I love the Flying Pig. Whenever I think about this race I get a huge smile on my face. First, the name of the race is just plain fun. As an added bonus, it ties into the city’s history. According to the Pig’s website, in the 1800s, Cincinnati was a center of Western commerce. Hogs were a major source of income, so pigs that were brought in by boat or otherwise herded into town were marched through the streets of Cincinnati to the processing plants. So many hogs were marched through the streets that Cincinnati came to be known as “Porkopolis.”
The Pig has an event for just about everyone. In addition to the marathon, there is a half-marathon, a 10K, FOUR different youth events, an event for your dog, and multiple-event challenges. My kids participated in the Flying Pig Kids’ Marathon and had a blast. This is a great way to incorporate your kids into your marathon experience, if they are interested in doing so. I’ll start with the expo, which was amazing. The Flying Pig’s expo was, by far, my family’s favorite expo. There was a sign-making station and so many great vendors (including one that sold little pink seed bead pig keychains, which the girls loved).
Plus, there were more freebies than you could handle. We snagged water bottles, backpacks, food, and tons of Proctor and Gamble samples. I also loved the t-shirt provided to race participants – it is now one of my favorite running t-shirts. It was white in 2017, with a cute pig, heart, and happy face emoji. But the best part is that it fits really well.
If I were to go back, and I hope that I will someday, I would not stay at the hotel that we stayed at. It was a perfectly nice hotel and suited our needs just fine. It was within walking distance of the zoo, which we visited, and the surrounding area was nice. When I was running, however, I noticed that the Holiday Inn in Covington, KY, was literally on the race course very close to the start, just as you cross the Clay Wade Bailey Bridge. It is one of the host hotels and according to the Pig’s website, there is a shuttle that will pick runners up from the hotel to bring them to the start (and back again at the end). I would have definitely stayed here, as my family could have seen me run by, enjoyed a leisurely breakfast, and then just walked to the end. They’ve had that luxury during other marathons and it is well worth it. Of note, you need to book early and mention that you are participating in the marathon to get the group rate. If you don’t end up staying there, there are a bunch of hotels in Kentucky right along the front of the Ohio river and although I don’t know if the shuttle picks up at all of them, they are all pretty close to each other. You could probably walk to the shuttle.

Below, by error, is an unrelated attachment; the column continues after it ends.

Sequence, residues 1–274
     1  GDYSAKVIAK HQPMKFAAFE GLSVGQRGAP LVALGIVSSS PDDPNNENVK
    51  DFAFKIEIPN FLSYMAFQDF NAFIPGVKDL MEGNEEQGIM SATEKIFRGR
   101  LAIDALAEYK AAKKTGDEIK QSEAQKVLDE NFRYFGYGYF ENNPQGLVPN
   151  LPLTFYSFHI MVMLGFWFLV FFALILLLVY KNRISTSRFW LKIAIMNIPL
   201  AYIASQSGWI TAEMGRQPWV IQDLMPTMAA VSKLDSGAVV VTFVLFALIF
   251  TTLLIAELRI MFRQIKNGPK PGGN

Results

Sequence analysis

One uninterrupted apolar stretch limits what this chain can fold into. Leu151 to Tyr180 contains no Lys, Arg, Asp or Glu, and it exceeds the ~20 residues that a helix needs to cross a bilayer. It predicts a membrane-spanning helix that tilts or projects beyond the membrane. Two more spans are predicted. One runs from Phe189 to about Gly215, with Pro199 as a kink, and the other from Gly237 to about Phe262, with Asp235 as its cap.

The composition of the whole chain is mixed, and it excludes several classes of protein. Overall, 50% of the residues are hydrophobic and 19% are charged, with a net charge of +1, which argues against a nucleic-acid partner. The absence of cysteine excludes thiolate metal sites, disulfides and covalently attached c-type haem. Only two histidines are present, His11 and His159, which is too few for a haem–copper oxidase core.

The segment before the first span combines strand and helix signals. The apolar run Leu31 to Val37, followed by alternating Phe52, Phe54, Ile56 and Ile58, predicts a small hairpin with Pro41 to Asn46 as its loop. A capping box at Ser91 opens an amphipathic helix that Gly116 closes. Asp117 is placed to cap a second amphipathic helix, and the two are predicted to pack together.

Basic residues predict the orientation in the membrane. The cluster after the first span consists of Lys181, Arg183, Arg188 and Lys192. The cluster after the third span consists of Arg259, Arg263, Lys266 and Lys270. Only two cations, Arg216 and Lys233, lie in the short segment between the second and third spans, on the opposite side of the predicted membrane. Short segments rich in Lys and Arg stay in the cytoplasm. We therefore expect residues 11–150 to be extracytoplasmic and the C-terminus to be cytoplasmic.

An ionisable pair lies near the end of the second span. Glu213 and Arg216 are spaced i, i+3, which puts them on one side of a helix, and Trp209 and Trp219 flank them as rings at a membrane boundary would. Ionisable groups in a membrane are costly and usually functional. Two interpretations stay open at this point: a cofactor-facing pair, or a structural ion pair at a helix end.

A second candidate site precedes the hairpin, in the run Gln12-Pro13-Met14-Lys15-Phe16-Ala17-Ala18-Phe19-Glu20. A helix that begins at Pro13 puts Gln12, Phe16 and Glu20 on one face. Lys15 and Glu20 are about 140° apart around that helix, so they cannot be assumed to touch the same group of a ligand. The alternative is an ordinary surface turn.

I don’t remember much about the course. The Flying Pig has such a good website, you will find all that you need to know about elevation, etc., there. Things I do remember – there is a mile stretch of motivational signs that came at the perfect time. It might have been somewhere around mile 20 or soon thereafter. These were really good signs – not the “don’t trust a fart after mile 20” variety. I looked forward to each one.
I also remember the aid stations. The people who volunteered at them were amazing. It seemed like there was one every 1.5 miles with the friendliest people I’ve ever encountered on a race course. I remember one station outside a church somewhere around mile 22 or 24, when I was really feeling it. This lovely woman handed me water and with the warmest eyes stared straight into mine, smiled, and said “I believe in you; you can do this.” She just about brought me to tears. I remember her often, during the tough moments of races. This is a heavily sponsored event, resulting in neat twists you won’t find at other races. For instance, Old Spice sponsored an award for the “fastest mile to the finish” for each age group. I had no idea that there was such an award when I ran the race. But I felt amazing coming back into the city and pulled out a 7:21 minute mile, winning the award. That was a really fun surprise. Another really fun surprise was the announcer at the end of the race, who kept yelling out – “Good job guys – you just ran 22.6 miles!” repeatedly in congratulations. Jeez, I hope not!
My family, unfortunately, never saw me on the course. While I was having a lovely time, they were driving around, trying to find a place where they could park and go out to greet me. But everywhere Adam turned, the roads were shut down. He drove for hours and never made it near the course, which was obviously very frustrating. Another reason just to stay at one of the KY hotels! I never carry my phone, but I did for some reason during this race. I remember calling him when I was five miles out from the end, hearing his frustrating story, and telling him to just go to the finish line. That was like bells to his ears!
This was a family trip, and so we packed in some fun as well. No trip to Cincinnati would be complete without some Skyline Chili (they have gluten free options!), which you can get in multiple places in the city. We also went to the zoo, as mentioned, which was quite a nice zoo and I would recommend it if you are taking your family to this race. We took in a Cincinnati Reds game as well, which everyone enjoyed. Finally, I would highly recommend the American Sign Museum. https://www.americansignmuseum.org/ This is a funky, unusual, museum that features sign making and usage throughout American history. They have 100 years of signage, organized by era and style. It’s a relaxed, easy going, atmosphere and you can take in as much, or as little, information as you please. The kids still talk about it because of the visual impression it made.
Bottom line, if you get the chance to run the Pig, do it!
“If you are losing faith in human nature, go out and watch a marathon.”